Improved outcome of orthotopic liver transplantation for chronic hepatitis B cirrhosis with aggressive passive immunization

Robert W. Mcgory, Michael B. Ishitani, Walter M. Oliveira, William C. Stevenson, Christopher S. Mccullough, Rolland C. Dickson, Stephen H. Caldwell, Timothy L. Pruett

Research output: Contribution to journalArticlepeer-review

264 Scopus citations


Passive immunization with hepatitis B surface antibody (anti-HBs) is important to prevent hepatitis B virus (HBV) recurrence after orthotopic liver transplantation for chronic HBV cirrhosis. Hepatitis B immune globulin (HBIG) dosing regimens have been poorly defined, utilize numerous routes of administration, and result in a high rate of HBV relapse and mortality. Twenty-five of 27 (93%) patients transplanted (four retransplants) for chronic HBV cirrhosis show no evidence of recurrent HBV (range, 2-55 months). Anti-HBs titers necessary to minimize the risk of hepatitis B surface antigen detectability were >500 IU/L for days 0 to 7, >250 IU/L for days 8 to 90, and >100 IU/L thereafter. Pretransplant HBV E antigen (HBeAg)-positive patients required more HBIG to achieve these goals than HBeAg-negative individuals. The elimination of anti-HBs changed continually for the initial 3 posttransplant months. The anti-HBs half-life increased from 0.7 days to 14.1 days. Anti-HBs elimination was significantly different in HBeAg+ and HBeAg- patients for the first week, but was subsequently indistinguishable after week 1. After 3 months, the half-life was statistically less for HBeAg+ patients, but the difference did not influence the clinical treatment regimens. Quantitative hepatitis B DNA levels did not predict the amount of HBIG required. HBV recurrence after orthotopic liver transplantation can be reduced by aggressive passive immunization. Pharmacokinetic analysis of anti- HBs elimination can improve immunoglobulin therapy and prevent recurrence of clinical hepatitis.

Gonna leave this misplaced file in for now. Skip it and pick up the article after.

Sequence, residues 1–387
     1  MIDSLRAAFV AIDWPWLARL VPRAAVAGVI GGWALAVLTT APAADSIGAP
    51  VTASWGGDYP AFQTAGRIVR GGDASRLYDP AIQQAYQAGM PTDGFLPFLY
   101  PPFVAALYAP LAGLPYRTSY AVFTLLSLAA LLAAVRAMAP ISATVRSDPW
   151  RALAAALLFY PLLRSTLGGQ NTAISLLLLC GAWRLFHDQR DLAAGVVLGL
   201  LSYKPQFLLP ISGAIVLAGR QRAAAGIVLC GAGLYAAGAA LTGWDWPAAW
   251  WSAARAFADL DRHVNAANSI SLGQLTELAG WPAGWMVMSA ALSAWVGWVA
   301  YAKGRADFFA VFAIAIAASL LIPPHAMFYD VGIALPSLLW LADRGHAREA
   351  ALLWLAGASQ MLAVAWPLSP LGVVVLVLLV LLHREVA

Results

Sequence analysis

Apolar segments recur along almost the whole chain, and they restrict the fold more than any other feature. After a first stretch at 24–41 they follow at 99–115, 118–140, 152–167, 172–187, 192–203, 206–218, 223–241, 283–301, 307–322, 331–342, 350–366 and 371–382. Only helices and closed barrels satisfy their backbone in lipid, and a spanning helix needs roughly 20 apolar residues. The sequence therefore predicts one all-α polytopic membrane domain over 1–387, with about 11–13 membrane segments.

Original languageEnglish (US)
Pages (from-to)1358-1364
Number of pages7
Issue number9
StatePublished - May 15 1996

ASJC Scopus subject areas

  • Transplantation


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